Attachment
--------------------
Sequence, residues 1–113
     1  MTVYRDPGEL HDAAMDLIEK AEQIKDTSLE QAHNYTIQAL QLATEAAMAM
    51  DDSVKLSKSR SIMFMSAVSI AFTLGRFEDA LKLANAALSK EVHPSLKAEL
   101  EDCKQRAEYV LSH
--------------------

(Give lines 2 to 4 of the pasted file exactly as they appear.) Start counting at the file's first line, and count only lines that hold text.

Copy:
     1  MTVYRDPGEL HDAAMDLIEK AEQIKDTSLE QAHNYTIQAL QLATEAAMAM
    51  DDSVKLSKSR SIMFMSAVSI AFTLGRFEDA LKLANAALSK EVHPSLKAEL
   101  EDCKQRAEYV LSH